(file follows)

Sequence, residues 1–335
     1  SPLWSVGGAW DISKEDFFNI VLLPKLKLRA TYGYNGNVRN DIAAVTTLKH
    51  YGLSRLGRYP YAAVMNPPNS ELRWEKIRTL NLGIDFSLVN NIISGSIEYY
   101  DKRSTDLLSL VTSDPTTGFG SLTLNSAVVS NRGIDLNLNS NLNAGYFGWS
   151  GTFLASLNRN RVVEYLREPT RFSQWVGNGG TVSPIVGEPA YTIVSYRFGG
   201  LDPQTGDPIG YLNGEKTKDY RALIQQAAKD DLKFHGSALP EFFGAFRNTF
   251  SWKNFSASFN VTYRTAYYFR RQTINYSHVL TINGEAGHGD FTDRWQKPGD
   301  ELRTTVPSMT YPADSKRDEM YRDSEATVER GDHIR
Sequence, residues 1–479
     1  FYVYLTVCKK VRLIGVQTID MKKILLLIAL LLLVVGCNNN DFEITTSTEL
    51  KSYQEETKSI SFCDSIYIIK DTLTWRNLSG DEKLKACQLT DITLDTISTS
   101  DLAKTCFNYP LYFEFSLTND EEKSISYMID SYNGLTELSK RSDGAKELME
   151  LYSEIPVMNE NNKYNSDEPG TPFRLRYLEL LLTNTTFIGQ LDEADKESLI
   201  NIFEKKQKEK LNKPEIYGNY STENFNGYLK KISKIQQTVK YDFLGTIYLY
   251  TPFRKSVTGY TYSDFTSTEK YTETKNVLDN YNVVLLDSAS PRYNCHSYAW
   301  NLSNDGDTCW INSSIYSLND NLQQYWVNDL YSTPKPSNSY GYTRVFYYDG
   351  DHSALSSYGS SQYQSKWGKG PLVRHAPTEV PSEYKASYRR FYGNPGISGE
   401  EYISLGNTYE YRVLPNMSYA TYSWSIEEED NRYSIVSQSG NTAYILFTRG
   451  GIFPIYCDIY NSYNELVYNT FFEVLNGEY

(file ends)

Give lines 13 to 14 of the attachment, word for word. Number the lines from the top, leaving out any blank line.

   151  LYSEIPVMNE NNKYNSDEPG TPFRLRYLEL LLTNTTFIGQ LDEADKESLI
   201  NIFEKKQKEK LNKPEIYGNY STENFNGYLK KISKIQQTVK YDFLGTIYLY